|The Dancing Queen: The lesson delivered was as old as electoral politics itself: Dance with the person you came with. Or, more prosaically: before looking after anybody else, a wise political leader looks after the people who brought her victory.|
LABOUR’S 2005 WIN was, in the Duke of Wellington’s words, “a damn near run thing”, and Helen Clark knew it. For most of Election Night the blue line on TVNZ’s Party Vote graph had been ever-so-slightly above of the red. Broad grins spread across the faces of National’s strategists: Don Brash was going to do it! But then, unbelievably, at the last minute, the red line tilted upwards and crossed the blue. The “big South Auckland booths” had come in – and saved Clark’s government.
It would be heartening to record that Labour never forgot the help it received from the Pasifika and Maori voters of South Auckland. Certainly, Clark left her caucus in no doubt, when it met in the aftermath of their narrow victory, that the loyalty of the brown working-class would have to be rewarded. Bread and butter policies – not liberal crusades – must be the order of the day.
By 2008, however, Labour came across as a party more interested in helping Sue Bradford’s anti-smacking legislation across the line, than in building enough state houses to accommodate South Auckland’s poorest families. National’s new leader, John Key, cleverly underscored this perception by visiting the economically-stressed residents of McGeehan Close in Clark’s own electorate. His message was clear: “I haven’t forgotten the brown working-class.”
The lesson delivered was as old as electoral politics itself: Dance with the person you came with. Or, more prosaically: before looking after anybody else, a wise political leader looks after the people who brought her victory.
If Clark didn’t pass that lesson on to Jacinda Ardern, then she should have. And, if she did, how could Jacinda have forgotten it? Because, nearly a year into her second term, it’s becoming increasingly clear that Jacinda is in danger of forgetting who, by delivering her Government its unprecedented parliamentary majority, brought her to the dance.
Conservative political commentator, Matthew Hooton, has put the number of habitual National Party supporters who crossed over to Labour in the 2020 general election at approximately 400,000. It was to this enormous number of voters that Jacinda was speaking on election-night when she promised to govern “for all New Zealanders”. Like Clark in the aftermath of 2005, the present Prime Minister, at least initially, seemed to understand that the hearts and minds of these temperamentally conservative voters were precious. Having won them, she could not afford to lose them.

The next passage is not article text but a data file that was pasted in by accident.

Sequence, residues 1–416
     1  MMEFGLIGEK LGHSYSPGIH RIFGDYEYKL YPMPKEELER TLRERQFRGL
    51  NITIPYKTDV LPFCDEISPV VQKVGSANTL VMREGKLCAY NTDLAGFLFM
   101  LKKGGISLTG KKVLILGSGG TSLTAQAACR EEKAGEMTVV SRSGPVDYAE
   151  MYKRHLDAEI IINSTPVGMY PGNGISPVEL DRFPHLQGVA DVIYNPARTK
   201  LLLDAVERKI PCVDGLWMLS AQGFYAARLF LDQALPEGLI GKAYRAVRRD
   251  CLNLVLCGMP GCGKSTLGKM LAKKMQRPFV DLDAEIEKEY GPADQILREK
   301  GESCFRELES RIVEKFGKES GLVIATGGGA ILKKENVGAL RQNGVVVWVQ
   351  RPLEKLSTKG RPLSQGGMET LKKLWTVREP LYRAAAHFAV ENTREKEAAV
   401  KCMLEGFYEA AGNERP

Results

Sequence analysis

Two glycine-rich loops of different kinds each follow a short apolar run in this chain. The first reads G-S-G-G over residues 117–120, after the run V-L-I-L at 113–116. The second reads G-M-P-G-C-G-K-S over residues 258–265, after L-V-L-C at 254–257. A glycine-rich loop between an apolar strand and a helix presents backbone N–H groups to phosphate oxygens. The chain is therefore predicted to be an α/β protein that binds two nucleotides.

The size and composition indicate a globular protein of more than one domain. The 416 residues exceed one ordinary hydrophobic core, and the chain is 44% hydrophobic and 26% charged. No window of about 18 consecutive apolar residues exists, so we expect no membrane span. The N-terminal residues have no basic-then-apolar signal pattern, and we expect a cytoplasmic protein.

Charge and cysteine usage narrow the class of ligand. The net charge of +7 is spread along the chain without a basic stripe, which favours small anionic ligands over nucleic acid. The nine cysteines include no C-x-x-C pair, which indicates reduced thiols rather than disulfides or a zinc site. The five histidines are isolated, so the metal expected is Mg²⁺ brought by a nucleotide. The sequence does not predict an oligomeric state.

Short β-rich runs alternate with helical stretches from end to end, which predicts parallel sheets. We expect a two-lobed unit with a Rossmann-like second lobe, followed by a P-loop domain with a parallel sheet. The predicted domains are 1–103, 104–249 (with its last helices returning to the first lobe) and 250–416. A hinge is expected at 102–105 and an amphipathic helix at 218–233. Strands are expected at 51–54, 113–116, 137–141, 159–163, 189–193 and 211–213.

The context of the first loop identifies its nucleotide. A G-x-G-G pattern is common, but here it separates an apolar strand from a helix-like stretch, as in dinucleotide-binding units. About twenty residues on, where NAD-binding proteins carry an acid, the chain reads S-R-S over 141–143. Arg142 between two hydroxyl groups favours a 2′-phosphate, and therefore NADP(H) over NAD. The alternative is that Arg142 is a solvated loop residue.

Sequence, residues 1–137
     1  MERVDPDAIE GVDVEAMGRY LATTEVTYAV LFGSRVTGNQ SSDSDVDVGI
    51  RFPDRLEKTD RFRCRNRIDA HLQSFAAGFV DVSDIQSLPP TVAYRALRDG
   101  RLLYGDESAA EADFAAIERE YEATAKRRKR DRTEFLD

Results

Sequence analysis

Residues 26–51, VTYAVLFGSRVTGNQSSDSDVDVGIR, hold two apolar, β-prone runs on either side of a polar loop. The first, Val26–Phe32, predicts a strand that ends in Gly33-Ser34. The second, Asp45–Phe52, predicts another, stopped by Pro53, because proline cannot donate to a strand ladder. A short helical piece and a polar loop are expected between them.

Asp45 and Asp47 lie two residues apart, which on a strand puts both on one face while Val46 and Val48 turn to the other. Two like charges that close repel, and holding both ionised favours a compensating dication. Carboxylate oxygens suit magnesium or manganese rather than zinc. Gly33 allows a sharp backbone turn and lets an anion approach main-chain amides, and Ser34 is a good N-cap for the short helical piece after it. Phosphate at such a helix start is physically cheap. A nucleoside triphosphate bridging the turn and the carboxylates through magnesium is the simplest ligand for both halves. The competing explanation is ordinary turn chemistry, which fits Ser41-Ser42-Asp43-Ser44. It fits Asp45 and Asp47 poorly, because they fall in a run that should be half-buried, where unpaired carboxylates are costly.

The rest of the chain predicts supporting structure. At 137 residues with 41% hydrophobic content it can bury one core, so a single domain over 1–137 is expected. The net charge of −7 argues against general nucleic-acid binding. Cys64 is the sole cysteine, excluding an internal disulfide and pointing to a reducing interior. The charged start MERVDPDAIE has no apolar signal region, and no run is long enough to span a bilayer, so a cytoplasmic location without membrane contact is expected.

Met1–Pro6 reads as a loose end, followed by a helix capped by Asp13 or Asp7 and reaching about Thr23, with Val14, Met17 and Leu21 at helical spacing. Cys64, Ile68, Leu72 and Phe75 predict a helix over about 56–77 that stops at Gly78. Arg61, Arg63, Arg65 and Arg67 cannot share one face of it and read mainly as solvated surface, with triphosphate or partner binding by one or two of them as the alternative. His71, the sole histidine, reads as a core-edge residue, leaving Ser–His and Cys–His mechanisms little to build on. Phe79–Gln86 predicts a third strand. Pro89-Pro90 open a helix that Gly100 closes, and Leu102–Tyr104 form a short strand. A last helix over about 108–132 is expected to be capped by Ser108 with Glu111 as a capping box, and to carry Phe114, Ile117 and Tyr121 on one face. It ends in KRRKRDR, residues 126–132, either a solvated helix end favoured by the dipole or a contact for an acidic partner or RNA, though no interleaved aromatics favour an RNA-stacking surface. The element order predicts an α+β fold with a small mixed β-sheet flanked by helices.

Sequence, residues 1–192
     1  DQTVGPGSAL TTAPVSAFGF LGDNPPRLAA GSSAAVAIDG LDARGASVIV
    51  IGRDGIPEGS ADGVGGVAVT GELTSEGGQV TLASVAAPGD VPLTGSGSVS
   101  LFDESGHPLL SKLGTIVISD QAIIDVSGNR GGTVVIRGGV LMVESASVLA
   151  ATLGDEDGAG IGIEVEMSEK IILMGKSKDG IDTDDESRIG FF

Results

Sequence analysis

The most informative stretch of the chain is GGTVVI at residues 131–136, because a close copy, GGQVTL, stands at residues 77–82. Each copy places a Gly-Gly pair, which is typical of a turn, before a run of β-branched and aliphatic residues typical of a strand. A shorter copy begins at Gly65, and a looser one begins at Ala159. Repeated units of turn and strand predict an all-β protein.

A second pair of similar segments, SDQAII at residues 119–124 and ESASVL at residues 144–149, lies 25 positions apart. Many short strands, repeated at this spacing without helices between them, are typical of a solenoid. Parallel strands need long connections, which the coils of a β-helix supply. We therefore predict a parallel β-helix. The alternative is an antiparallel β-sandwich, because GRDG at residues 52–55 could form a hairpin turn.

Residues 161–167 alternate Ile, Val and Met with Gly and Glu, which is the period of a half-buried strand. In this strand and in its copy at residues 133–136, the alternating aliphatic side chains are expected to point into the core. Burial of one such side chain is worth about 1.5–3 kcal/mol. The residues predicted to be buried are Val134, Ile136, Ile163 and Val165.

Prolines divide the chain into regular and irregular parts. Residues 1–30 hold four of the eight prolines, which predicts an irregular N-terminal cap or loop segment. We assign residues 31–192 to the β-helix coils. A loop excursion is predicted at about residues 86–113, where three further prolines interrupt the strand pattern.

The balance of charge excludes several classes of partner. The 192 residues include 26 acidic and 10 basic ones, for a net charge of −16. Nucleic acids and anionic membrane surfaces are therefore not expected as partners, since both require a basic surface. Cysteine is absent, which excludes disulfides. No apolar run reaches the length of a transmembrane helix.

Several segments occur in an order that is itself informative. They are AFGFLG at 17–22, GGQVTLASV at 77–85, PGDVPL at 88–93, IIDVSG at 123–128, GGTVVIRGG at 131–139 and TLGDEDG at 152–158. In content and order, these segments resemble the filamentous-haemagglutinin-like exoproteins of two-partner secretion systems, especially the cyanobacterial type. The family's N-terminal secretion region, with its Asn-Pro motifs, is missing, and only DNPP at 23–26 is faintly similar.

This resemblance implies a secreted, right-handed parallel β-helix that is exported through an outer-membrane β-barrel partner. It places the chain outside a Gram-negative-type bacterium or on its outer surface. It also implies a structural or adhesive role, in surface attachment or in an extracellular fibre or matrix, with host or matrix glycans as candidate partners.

It did not require a rocket scientist to explain how those 400,000 hearts and minds had been captured. Just one hyphenated word will do the trick: Covid-Nineteen. So long as Labour continues to keep New Zealanders safe from the Coronavirus, those former National Party voters who lifted Labour from 37 percent in 2017, to 50.1 percent in 2020, will not be dancing with anyone else.
If someone hasn’t affixed a post-it note saying: “It’s the pandemic, stupid!” to the PM’s computer-screen, then, quick, do it now!
Because there’s something happening out there in the electorate. It’s probably too much to call it disaffection, but one wouldn’t be drawing too long a bow to call it unease. With the Delta variant of Covid-19 raging across the planet, the Australian bubble on “pause”, and the percentage of vaccinated Kiwis alarmingly small; this government is just one significant community outbreak away from an electorally catastrophic loss of confidence.
Because it’s not as if it’s doing superlatively well on all the other battle-fronts of the political war.
Homelessness and housing affordability are no closer to being brought under control. Only last week the Child Poverty Action Group released a report blaming the Government’s “inadequate” Covid-19 social support measures for tipping a further 18,000 children into poverty.
In the midst of a “Climate Emergency” we are importing more coal than ever, and burning it to keep the lights on.
It is also apparent that, very slowly, the volume of discontent over everything from the “Ute Tax”, to He Puapua, to “Hate Speech” legislation, to contracting the Mongrel Mob to fix the problems created by … the Mongrel Mob … is rising.
While New Zealanders can lift their eyes to the rest of the world and see only danger and derangement, Jacinda’s 400,000 Tories will waltz with her in breathless gratitude. But, just let that danger and derangement cross the border, and see how fast everybody’s dance partners change.
POSTSCRIPT: This essay was penned prior to the release of the latest Roy Morgan and Newshub-Reid Research polls. The sub-40 percent showing of Labour in the former, and the nearly 20 percent drop in support for the Government in the latter, merely confirm the analysis that Labour is in danger of forgetting who its friends are. - C.T.
This essay was originally published in The Otago Daily Times and The Greymouth Star of Friday, 6 August 2021.